But if you look at the landscape in terms of how much people are able to do the things they need to do, it might look very different. A family with two adults and two grown children and one car, for example, owns something of great value -- and yet that family would be seriously constrained with respect to doing things. It would be hard to more than one of them to work, and maybe impossible for two of them to work, and even if they drive each other around and pick each other up, it'd be impossible for them to do all kinds of other things.

Obviously they don't have the scaling-down option that people often, unthinkingly, associate with constrained economic circumstances. It's easy to think that in a modern consumer economy that offers a lot of choices and options, people can sort of ratchet down their quality of life to fit their economic situation. If you can't afford beef, at least you can have pasta. If you can't afford Nikes, at least you can get some knock-offs at T. J. Maxx.

But with somethings, and especially electronics and appliances and large scale items, this isn't always the case. Sometimes they all improve at the same time, and if you can't afford the expensive version, you're just screwed.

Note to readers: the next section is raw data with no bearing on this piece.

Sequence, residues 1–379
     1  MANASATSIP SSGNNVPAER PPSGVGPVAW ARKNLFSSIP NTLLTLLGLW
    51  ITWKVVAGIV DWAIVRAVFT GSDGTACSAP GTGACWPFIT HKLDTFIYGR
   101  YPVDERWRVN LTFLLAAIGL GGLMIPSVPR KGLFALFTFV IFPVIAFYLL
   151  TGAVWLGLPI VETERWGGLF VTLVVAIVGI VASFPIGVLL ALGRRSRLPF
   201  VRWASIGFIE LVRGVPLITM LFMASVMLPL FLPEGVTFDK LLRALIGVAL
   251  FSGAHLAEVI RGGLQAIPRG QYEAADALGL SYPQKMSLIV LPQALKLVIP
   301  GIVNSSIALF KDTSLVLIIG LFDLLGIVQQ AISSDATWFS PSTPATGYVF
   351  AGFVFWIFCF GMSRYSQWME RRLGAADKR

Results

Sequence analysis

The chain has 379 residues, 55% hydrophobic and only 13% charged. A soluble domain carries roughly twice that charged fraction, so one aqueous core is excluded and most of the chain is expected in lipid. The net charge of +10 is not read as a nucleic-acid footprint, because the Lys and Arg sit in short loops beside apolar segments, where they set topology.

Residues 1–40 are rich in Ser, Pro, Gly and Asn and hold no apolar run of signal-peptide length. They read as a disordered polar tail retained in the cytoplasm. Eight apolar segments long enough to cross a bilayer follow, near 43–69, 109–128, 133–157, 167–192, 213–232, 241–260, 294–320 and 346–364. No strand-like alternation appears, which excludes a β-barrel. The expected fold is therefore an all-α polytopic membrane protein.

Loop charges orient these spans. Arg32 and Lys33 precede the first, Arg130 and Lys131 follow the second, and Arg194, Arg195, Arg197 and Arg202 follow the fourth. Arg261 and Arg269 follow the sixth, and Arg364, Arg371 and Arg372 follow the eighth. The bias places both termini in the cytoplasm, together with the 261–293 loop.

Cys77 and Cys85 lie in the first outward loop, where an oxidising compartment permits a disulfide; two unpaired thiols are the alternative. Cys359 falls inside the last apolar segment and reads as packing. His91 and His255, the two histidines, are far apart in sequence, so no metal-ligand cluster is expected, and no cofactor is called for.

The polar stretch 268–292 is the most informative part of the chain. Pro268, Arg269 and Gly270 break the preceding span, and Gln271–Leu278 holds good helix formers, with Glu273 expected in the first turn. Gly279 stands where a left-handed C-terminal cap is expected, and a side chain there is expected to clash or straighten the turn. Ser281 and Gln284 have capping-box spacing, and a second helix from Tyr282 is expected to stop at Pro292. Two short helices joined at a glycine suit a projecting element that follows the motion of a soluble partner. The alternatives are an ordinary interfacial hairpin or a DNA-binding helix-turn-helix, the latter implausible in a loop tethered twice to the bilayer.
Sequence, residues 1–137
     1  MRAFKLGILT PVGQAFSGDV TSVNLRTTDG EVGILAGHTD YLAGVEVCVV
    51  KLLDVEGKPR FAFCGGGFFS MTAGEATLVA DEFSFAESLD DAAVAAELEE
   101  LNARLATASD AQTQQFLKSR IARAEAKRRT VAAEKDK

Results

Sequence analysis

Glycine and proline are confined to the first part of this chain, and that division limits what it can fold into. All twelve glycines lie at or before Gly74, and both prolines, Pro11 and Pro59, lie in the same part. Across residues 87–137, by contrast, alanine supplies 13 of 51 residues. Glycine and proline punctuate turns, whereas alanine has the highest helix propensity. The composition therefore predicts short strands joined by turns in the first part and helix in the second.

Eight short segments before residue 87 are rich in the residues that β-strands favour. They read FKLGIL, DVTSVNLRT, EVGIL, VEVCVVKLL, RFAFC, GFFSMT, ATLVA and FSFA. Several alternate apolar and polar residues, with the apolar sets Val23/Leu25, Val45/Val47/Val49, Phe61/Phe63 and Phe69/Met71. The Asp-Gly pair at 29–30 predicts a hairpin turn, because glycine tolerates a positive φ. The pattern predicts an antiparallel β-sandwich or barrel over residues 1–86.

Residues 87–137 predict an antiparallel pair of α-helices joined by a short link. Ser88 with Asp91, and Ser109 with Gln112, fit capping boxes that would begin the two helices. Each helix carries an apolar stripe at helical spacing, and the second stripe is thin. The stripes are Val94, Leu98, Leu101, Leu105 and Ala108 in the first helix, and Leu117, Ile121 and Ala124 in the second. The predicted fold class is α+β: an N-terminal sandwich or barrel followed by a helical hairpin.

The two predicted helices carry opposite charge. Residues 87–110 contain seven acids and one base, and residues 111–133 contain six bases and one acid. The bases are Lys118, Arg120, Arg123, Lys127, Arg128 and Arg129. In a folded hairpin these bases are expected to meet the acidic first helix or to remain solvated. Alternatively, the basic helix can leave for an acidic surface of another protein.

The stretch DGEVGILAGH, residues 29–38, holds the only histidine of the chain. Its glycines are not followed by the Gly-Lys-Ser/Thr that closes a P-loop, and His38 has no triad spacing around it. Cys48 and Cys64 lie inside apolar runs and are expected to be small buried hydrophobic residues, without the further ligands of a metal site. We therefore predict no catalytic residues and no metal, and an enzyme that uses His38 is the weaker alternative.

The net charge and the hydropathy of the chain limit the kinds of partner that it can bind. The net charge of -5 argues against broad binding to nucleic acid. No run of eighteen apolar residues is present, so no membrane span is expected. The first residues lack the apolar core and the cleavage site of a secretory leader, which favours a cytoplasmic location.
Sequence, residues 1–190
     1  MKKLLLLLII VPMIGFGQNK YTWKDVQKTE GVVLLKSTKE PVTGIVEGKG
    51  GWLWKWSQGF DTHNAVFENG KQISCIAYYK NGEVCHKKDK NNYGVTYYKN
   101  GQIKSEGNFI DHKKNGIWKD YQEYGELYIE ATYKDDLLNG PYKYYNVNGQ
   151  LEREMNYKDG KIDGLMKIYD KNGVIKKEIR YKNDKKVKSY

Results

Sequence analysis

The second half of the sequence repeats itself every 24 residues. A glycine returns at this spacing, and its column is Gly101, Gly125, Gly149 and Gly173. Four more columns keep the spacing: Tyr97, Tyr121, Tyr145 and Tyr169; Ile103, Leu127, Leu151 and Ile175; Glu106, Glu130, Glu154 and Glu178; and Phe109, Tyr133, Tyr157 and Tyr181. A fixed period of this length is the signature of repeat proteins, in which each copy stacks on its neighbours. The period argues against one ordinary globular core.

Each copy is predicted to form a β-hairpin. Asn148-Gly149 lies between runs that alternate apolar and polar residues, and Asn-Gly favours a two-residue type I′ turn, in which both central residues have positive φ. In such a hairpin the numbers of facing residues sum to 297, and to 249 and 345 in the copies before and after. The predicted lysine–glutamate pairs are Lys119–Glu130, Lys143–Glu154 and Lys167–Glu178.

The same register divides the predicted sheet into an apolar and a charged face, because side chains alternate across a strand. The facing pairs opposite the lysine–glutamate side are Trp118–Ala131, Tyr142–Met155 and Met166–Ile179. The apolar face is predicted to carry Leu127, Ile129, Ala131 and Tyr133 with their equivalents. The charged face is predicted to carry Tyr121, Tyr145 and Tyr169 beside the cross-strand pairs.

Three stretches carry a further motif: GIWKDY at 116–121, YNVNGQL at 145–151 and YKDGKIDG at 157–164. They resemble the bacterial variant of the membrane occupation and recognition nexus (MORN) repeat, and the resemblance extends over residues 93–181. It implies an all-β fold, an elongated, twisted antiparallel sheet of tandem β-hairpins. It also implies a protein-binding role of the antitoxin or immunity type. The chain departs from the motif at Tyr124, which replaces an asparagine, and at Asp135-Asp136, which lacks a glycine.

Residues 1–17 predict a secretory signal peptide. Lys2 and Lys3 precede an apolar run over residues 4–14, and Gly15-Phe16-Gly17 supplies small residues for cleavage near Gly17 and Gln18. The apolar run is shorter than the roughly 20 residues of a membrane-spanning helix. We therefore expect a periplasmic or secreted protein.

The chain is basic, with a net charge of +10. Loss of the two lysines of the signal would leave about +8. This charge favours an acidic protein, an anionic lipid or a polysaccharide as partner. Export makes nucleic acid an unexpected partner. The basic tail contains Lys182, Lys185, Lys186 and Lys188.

For example, years ago my mother needed a new TV. A few months before, I had noticed the price of TV's falling dramatically, and I thought: no problem. I'd seen a medium-sized tube TV for sale for like 75 dollars. But when we went out shopping, there were no tube TVs. Now all TVs were flat screen, and the cheapest medium-sized one was like 250 dollars. If you're the person whose TV budged was 75 dollars -- well, you just got screwed, TV-wise.

And it's the same thing with cars. Once they all improve, the old ones go away. Sure -- you can buy a used car. But even fixing a car has become astronomically expensive. What you can't do is go back to the old fashioned car that someone could fix in their garage with cast off parts and a manual.

If you live in a place where cars are a necessity, this is a big, big, deal.